• Home (2015): Captain Smek has appendages shaped like horns, which go perfectly which his devilish nature and status as the Big Bad to Tip and Oh. By comparison, other Boov have them curled up.
  • In The LEGO Movie, Lord Business, a rather deliberately Card-Carrying Evil Overlord, wears a big helmet adorned with such horns... which have coffee mugs on top.

    Film — Live-Action 
  • Babysitter Wanted (2008): Sam, as the young son of Satan (maybe), has two small horn nubs on the top of his head.
  • Godzilla: King of the Monsters (2019): Ghidorah has ten horns crowning each of his three heads, while Rodan has two horn-like crests curving out the back of his head: the one with more horns of them is an Omnicidal Maniac who's actively malevolent to an extent far beyond any of the previous monsters, while the other with less horns is ferociously territorial and becomes Ghidorah's Dragon, but still isn't as evil as Ghidorah when acting on his own. In the novelization's expansion, Mokele-Mbembe has a single horn curving from his head in addition to his tusks, and once he's bent to Ghidorah's will, he eats a Monarch operative alive whilst annihilating the Monarch outpost around him and looking to rampage in Ghidorah's name.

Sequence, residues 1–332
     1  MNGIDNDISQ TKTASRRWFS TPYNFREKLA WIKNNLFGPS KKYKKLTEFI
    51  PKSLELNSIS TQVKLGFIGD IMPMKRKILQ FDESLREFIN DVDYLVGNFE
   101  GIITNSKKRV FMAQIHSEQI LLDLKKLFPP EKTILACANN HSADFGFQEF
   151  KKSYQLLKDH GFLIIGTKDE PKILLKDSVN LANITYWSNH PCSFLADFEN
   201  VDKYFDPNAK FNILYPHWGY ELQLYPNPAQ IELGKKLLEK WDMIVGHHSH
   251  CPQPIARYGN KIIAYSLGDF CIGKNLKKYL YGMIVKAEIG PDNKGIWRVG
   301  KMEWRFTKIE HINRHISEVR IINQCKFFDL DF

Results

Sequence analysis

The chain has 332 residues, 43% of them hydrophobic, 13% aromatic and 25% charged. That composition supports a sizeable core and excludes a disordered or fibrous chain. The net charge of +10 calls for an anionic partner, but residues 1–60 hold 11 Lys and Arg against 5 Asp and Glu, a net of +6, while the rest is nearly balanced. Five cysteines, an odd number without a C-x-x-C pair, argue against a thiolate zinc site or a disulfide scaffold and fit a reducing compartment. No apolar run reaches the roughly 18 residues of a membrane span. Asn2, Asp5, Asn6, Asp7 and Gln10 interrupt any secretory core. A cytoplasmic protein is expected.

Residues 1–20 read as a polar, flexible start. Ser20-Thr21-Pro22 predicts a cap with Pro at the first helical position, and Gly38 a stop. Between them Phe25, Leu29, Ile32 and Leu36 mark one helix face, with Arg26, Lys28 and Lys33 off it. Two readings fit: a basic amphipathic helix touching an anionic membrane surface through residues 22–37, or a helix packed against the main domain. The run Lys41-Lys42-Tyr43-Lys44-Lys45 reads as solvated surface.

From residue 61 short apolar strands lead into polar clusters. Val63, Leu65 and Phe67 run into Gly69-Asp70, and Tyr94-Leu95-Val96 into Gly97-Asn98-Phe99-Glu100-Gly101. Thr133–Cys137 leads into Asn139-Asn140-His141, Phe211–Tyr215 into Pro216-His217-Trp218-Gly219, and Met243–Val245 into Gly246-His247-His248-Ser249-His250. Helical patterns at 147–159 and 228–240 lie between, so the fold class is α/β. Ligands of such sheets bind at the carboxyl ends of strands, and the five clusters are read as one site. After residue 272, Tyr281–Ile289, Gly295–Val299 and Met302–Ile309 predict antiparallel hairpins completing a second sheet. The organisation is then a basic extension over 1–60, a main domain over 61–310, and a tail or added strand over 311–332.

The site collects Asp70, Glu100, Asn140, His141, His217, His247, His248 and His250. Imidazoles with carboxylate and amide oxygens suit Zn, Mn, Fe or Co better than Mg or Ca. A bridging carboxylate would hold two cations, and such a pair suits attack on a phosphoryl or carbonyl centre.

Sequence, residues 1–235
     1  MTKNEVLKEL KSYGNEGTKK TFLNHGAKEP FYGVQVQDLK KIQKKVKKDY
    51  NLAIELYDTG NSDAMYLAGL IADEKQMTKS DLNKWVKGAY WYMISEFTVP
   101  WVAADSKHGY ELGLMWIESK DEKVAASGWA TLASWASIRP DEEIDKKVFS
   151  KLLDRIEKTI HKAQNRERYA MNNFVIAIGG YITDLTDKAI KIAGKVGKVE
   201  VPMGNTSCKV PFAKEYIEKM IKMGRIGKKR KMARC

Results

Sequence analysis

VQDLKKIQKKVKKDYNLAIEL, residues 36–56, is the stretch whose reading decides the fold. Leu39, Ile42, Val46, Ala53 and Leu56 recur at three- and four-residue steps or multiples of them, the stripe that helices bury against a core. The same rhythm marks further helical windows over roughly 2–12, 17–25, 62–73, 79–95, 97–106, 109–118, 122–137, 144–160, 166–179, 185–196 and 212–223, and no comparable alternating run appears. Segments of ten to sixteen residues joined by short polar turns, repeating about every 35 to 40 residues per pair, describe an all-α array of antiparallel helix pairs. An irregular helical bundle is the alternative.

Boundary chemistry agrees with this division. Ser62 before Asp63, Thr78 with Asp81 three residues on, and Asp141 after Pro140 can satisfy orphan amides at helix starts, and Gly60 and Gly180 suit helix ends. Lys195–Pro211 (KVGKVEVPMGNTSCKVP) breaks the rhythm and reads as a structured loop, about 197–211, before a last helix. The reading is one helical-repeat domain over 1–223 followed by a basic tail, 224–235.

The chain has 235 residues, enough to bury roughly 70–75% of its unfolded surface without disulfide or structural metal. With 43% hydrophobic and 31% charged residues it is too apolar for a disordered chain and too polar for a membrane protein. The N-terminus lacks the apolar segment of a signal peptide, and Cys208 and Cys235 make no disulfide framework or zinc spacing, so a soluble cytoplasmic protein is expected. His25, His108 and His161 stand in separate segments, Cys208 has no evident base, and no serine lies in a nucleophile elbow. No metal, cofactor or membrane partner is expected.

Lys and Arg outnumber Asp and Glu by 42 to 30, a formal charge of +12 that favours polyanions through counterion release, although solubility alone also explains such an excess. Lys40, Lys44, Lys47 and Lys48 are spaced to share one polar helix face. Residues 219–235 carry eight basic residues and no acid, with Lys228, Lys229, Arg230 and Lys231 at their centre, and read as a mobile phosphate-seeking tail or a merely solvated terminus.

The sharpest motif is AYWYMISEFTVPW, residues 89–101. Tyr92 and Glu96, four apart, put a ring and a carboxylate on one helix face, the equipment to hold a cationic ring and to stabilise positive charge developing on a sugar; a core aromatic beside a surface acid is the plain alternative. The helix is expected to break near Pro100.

• Indiana Jones and the Temple of Doom: Mola Ram's Crown of Horns invokes this. It's made from a cow's skull, which is blasphemous in Hinduism (a religion that reveres cattle), just to hammer home the point that Mola Ram "betrayed Shiva."
  • In Legend (1985), the demon Darkness has a massive pair of horns.
  • The Lord of the Rings: While its description in the books is rather vague, the movies' Balrog has a fiery devil-like appearance and massive ram-like horns.
  • Maleficent: Subverted. The early trailers and teasers revealed that Maleficent actually did have horns, but still portrayed her as sinister. The movie, however, portrays her as angry and vengeful instead of the outright evil of her original incarnation, and ultimately redeemed by the end.
  • The killer in The Mansion sports a set of antlers, in line with the hunting motif.
  • Marvel Cinematic Universe:
    • Thor and The Avengers: Loki wears a helmet decorated with two long devilish horns and is the films' Big Bad.
    • Thor: Ragnarok:
      • Surtur looks like a classic devil and his crown is decorated with two horns. Please, don't mistake them for the eyebrows.
      • Hela's hairdress is decorated with a multitude of horns. She uses them as projectiles in battle.
  • Star Wars: The distinguishing feature of the Zabrak race is short, curved horns on the head, usually at the temples and around the crown. In the case of Darth Maul, combined with his Sith tattoos, this makes his appearance even more sinister.